Spend the morning in the palace, before getting lost the gardens and having a picnic for lunch.
The gardens of Versailles occupy some 800 hectares of land on the outskirts of Paris, and every inch is perfectly manicured. From the central window in the Hall of Mirrors, you can look down and see them laid out in grand perspective, dotted with parterres of flowers, sculptures and fountains.
The fountains date from the time of Louis XIV and still use much of the same complex network of hydraulics to produce their powerful jets.
In 1661, Louis XIV commissioned the designer and architect André Le Nôtre. In total, the works to over forty years to complete to the high standards demanded by the reigning monarch. Some other big names took part too - Jules Mansart and Charles Le Brun drew many of the outlines for the statues and built the Orangerie.
Vast amounts of effort were required. Tons of earth were moved by whole regiments of men; trees were imported from all the provinces of France; huge pieces of stone had to be quarried to sculpt the statues that adorn the fountains.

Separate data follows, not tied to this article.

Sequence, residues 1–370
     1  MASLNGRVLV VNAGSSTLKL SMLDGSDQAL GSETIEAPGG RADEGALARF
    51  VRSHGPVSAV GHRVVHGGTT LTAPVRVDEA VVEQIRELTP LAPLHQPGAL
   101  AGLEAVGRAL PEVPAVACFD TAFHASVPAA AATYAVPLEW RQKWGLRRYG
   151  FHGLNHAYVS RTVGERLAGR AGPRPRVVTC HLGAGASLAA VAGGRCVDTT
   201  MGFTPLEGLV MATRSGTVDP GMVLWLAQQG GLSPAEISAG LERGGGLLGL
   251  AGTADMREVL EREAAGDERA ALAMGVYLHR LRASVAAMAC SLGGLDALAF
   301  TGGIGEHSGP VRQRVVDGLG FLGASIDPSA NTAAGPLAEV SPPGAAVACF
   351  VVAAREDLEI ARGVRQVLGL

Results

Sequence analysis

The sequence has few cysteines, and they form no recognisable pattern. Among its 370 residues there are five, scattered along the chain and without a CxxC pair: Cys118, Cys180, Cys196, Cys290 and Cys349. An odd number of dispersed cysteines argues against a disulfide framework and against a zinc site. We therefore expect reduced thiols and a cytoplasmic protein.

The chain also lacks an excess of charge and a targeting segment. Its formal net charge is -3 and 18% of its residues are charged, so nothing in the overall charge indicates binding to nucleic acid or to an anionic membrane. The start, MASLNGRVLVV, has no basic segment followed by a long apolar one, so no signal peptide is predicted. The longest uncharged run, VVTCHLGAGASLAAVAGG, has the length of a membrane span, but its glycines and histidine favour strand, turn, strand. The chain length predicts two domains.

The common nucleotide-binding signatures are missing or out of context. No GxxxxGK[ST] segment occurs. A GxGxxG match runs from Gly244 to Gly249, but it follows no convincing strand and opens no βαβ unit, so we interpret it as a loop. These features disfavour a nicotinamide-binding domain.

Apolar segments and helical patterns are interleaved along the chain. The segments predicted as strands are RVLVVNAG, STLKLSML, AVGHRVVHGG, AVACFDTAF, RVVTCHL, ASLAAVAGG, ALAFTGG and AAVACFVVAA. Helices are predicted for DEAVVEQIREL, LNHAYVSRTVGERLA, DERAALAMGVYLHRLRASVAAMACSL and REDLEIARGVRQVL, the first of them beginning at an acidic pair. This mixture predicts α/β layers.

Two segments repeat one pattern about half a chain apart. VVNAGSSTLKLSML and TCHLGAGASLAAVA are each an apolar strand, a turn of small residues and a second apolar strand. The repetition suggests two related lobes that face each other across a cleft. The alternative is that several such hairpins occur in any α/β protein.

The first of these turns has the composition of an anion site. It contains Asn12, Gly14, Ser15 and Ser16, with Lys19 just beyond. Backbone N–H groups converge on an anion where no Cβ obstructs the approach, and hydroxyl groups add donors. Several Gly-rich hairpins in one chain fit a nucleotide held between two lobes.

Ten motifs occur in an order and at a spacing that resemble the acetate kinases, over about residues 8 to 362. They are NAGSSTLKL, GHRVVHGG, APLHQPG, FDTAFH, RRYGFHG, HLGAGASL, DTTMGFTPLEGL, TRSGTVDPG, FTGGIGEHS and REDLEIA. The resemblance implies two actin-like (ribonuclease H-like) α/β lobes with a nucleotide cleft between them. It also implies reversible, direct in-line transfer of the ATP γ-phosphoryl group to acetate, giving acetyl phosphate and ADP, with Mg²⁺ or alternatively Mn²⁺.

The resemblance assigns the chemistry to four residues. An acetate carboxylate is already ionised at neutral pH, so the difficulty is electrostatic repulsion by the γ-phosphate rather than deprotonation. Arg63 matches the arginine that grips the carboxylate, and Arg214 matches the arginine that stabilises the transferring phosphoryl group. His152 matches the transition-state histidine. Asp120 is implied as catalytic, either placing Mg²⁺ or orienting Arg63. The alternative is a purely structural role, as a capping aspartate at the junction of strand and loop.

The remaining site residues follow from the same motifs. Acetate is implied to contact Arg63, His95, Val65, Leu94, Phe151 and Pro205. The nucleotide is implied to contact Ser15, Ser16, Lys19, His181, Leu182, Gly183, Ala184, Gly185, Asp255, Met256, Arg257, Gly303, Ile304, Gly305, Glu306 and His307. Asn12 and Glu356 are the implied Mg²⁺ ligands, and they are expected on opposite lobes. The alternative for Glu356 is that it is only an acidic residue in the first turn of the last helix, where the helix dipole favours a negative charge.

Make sure you take in the Orangerie, situated on a slope to protect the oranges in winter, and the statues from greek mythology which are the only remnants of the Grotte de Thétys.
Otherwise, you can walk for hours between parterres, fountains and bosquets - a typical formal French arrangement of trees, which requires at least five of the same species to be set out in a quincunx.
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